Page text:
1 November 2007 Near-infrared spectroscopy/imaging for monitoring muscle oxygenation and oxidative metabolism in healthy and diseased humans
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Abstract
Near-infrared spectroscopy (NIRS) was initiated in 1977 by Jobsis as a simple, noninvasive method for measuring the presence of oxygen in muscle and other tissues in vivo. This review honoring Jobsis highlights the progress that has been made in developing and adapting NIRS and NIR imaging (NIRI) technologies for evaluating skeletal muscle O2 dynamics and oxidative energy metabolism. Development of NIRS/NIRI technologies has included novel approaches to quantification of the signal, as well as the addition of multiple source detector pairs for imaging. Adaptation of NIRS technology has focused on the validity and reliability of NIRS measurements. NIRS measurements have been extended to resting, ischemic, localized exercise, and whole body exercise conditions. In addition, NIRS technology has been applied to the study of a number of chronic health conditions, including patients with chronic heart failure, peripheral vascular disease, chronic obstructive pulmonary disease, varying muscle diseases, spinal cord injury, and renal failure. As NIRS technology continues to evolve, the study of skeletal muscle function with NIRS first illuminated by Jobsis continues to be bright.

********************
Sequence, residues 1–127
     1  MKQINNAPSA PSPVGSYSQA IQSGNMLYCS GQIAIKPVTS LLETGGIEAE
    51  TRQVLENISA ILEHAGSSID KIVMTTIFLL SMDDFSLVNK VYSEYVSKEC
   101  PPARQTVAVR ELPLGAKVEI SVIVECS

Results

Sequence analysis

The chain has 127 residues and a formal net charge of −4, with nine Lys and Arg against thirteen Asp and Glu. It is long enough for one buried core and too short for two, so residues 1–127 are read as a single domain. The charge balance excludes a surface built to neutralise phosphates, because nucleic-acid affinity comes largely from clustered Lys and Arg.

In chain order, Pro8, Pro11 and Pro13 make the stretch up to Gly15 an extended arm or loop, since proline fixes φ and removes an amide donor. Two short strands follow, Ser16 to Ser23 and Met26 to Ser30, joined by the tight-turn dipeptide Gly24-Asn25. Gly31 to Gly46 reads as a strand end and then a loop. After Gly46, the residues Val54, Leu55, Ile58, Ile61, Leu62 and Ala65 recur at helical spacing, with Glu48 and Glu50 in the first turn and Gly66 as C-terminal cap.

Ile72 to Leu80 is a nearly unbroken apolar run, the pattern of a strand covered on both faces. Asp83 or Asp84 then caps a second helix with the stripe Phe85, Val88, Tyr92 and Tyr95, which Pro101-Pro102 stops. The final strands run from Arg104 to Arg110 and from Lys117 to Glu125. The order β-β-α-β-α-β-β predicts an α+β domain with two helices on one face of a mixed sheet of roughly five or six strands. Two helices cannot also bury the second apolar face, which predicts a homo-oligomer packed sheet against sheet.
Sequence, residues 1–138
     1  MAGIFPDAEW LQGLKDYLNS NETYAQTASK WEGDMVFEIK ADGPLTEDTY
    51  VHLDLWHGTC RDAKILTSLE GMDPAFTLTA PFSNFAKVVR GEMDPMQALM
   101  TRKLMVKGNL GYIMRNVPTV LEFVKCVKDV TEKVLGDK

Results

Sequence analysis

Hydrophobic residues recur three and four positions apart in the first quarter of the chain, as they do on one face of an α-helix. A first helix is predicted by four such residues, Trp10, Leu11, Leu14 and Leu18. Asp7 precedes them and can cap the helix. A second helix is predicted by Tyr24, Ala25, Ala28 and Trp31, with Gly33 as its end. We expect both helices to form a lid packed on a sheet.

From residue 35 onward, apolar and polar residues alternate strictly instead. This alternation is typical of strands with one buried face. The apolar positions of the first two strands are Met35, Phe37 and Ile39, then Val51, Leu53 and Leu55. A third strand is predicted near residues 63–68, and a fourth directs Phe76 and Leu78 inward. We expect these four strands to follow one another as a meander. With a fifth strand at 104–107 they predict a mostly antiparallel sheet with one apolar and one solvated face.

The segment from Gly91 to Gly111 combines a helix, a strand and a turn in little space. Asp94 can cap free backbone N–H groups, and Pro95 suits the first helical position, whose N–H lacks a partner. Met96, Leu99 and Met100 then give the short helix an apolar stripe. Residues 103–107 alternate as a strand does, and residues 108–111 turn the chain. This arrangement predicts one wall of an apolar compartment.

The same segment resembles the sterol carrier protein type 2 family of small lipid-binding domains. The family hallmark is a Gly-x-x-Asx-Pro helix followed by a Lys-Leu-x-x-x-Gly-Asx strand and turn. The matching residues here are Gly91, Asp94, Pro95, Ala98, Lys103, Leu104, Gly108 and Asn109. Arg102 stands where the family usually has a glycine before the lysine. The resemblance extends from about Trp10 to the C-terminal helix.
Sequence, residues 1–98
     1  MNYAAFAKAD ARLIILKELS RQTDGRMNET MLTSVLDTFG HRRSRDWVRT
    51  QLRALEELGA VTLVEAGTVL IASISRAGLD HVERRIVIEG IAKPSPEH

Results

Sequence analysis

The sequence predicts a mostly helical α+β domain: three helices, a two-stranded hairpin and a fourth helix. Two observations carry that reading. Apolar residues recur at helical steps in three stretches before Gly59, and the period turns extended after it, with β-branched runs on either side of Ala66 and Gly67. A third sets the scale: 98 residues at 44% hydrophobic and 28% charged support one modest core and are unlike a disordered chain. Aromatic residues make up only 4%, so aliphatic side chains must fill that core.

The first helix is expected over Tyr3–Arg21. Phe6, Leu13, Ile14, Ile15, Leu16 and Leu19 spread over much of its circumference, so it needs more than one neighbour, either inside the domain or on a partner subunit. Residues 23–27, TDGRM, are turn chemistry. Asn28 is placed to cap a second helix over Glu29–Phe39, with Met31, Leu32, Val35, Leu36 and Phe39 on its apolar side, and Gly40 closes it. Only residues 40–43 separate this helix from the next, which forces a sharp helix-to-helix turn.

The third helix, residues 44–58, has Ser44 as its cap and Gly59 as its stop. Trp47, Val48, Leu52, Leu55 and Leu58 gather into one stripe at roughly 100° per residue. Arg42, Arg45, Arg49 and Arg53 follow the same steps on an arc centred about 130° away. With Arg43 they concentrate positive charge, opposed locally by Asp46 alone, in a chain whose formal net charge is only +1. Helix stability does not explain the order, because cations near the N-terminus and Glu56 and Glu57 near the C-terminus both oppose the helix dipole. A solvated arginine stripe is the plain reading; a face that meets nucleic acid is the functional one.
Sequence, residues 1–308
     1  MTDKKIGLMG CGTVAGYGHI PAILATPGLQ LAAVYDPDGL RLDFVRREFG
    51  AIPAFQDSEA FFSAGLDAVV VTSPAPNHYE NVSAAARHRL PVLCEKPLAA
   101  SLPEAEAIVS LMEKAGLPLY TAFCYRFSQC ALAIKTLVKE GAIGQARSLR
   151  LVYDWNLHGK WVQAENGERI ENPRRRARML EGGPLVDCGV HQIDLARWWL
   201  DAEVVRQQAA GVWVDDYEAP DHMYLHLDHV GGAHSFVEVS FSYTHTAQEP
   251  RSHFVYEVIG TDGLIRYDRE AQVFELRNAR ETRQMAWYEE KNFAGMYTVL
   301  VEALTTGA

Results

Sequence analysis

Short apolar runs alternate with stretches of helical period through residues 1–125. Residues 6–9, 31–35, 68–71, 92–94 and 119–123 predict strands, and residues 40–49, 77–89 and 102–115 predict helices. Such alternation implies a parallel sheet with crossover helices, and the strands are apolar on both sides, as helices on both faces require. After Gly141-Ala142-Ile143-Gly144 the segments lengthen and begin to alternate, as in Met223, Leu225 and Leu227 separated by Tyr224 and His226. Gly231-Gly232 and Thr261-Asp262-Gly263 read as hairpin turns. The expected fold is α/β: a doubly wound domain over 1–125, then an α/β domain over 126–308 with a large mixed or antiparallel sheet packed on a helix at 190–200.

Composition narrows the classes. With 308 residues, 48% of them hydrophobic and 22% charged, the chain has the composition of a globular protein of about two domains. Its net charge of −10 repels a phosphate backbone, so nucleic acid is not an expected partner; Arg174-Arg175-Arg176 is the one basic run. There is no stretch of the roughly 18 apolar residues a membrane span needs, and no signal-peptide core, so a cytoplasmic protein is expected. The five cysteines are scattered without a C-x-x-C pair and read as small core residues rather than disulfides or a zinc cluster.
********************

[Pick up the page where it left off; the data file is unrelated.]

© (2007) Society of Photo-Optical Instrumentation Engineers (SPIE)
Takatumi Hamaoka, Kevin K. McCully, Valentina Quaresima, Katsuyuki Yamamoto, Britton Chance, "Near-infrared spectroscopy/imaging for monitoring muscle oxygenation and oxidative metabolism in healthy and diseased humans," Journal of Biomedical Optics 12(6), 062105 (1 November 2007). https://doi.org/10.1117/1.2805437 . Submission:
JOURNAL ARTICLE
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